McCarey consistently brought a communal approach to the construction of his films. He was known for playing a piano on set while thinking of where next to take plots, which inevitably developed from the bouncing energies shared among his lead actors’ personalities. Few better examples could be concocted than the Marx Brothers’ Duck Soup (1933). McCarey avoided the obligatory studio-imposed subplots of the brothers’ other films, instead allowing the problems confronting the imagined country of Freedonia (“land of the brave and free”) to be embodied almost fully in the daily inefficiencies faced by its leader (Groucho) and two spies (Chico and Harpo). The film shows war being declared—both at interpersonal and on large-scale levels—through misunderstandings resolved by communication and teamwork, before battles break out once more.

Charles Laughton in Leo McCarey's RUGGLES OF RED GAP (1935). Courtesy Film Forum/Photofest.

There are few gentler or more remarkable studies of cross-cultural engagement than Ruggles of Red Gap (1935), a narrative feature generally considered to be the first film of McCarey’s strongest period. The film is challenging to summarize, in part because the principal characters are all developed richly enough for the tale to belong to any of them. Its title character, in any case, is a British butler (played by Charles Laughton) firmly focused on his caste-bound duties who finds himself struggling to shift his thinking after his master (Roland Young) sends him to serve a wealthy American family in the western title town, located in the state of Washington. Over the course of the film, Marmaduke Ruggles’s chief sentiments shift from horror at American vulgarity to admiration for American self-realization. Through conversations with the people around him, he comes to love his new country—and even, in his own, particular way, to marry into it.

McCarey’s work revolves around questions of belief, trust, and ultimately faith—the faith that people have in each other to mutually provide, and the faith in God to provide for them. These are laid out with care in his diptych Going My Way (1944) and The Bells of St. Mary’s (1945), both of which show an ostensibly modern, open-minded Catholic priest (Bing Crosby) in deep engagement with a fellow servant of the Church (Barry Sullivan in the first film, Ingrid Bergman in the second). In each film, the other person initially seems to be more cloistered than Father O’Malley before coming to show him how much work they both still have left to do to open themselves to the world.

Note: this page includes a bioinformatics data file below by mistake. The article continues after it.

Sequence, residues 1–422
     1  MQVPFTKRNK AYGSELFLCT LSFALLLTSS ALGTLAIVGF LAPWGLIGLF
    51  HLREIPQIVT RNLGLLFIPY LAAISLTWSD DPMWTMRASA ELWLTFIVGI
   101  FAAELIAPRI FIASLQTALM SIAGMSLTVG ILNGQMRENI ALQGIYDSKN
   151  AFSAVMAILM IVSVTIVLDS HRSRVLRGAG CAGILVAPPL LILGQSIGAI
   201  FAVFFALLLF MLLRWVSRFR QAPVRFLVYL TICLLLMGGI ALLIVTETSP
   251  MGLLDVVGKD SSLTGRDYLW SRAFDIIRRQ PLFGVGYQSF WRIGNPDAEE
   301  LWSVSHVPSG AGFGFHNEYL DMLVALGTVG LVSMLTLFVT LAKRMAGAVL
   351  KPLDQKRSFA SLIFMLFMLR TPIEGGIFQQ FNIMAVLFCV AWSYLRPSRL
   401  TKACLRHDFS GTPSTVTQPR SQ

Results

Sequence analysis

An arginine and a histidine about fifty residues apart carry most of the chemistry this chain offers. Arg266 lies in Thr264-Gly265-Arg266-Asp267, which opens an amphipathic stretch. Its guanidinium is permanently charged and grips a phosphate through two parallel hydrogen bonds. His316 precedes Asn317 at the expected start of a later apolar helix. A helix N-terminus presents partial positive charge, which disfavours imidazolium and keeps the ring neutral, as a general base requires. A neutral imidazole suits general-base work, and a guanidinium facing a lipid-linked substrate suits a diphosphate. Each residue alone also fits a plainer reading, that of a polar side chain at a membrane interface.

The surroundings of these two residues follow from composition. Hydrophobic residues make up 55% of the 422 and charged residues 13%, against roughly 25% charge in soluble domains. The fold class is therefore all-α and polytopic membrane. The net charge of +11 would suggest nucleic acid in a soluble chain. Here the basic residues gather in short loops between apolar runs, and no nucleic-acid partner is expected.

The director’s films that are focused on marriage and overtly romantic relationships also operate on this dynamic, in which two people give themselves to each other with the hope of finding strength for them to give to everyone else around them. The screwball jewel The Awful Truth (1937) focuses on a married couple (played by Irene Dunne and Cary Grant) who must gather the force to divorce once they realize they no longer love each other—and the resolve to reunite once they realize that they love each other after all. Love Affair (1939) and its soulful remake An Affair to Remember (1957) present couples that come together by chance and then are torn apart by it, leaving us to hope along with each person for the chance to see the other again.

McCarey’s most treasured among his own films was Make Way for Tomorrow (1937), a work whose poor box office returns in fact led to his release from Paramount. The film (a reference not only for Ozu, but also for Ira Sachs’s 2014 film Love Is Strange) stands today as evidence of what is possible in socially conscious filmmaking by asking clearly and simply what can be done to take care of people who struggle to care for themselves.

The film’s elderly central couple (played by Beulah Bondi and Victor Moore), married for many years, find themselves homeless as a result of economic troubles, then go on to discover that none of their adult children is able (willing?) to find a way to house them both under one roof. McCarey observes their troubles while doing his best to give them small alleviating gifts. The most precious he offers are perhaps the most precious in life: Space for moments of privacy with a loved one, respected by others, before the time in which it’s possible to be together runs out.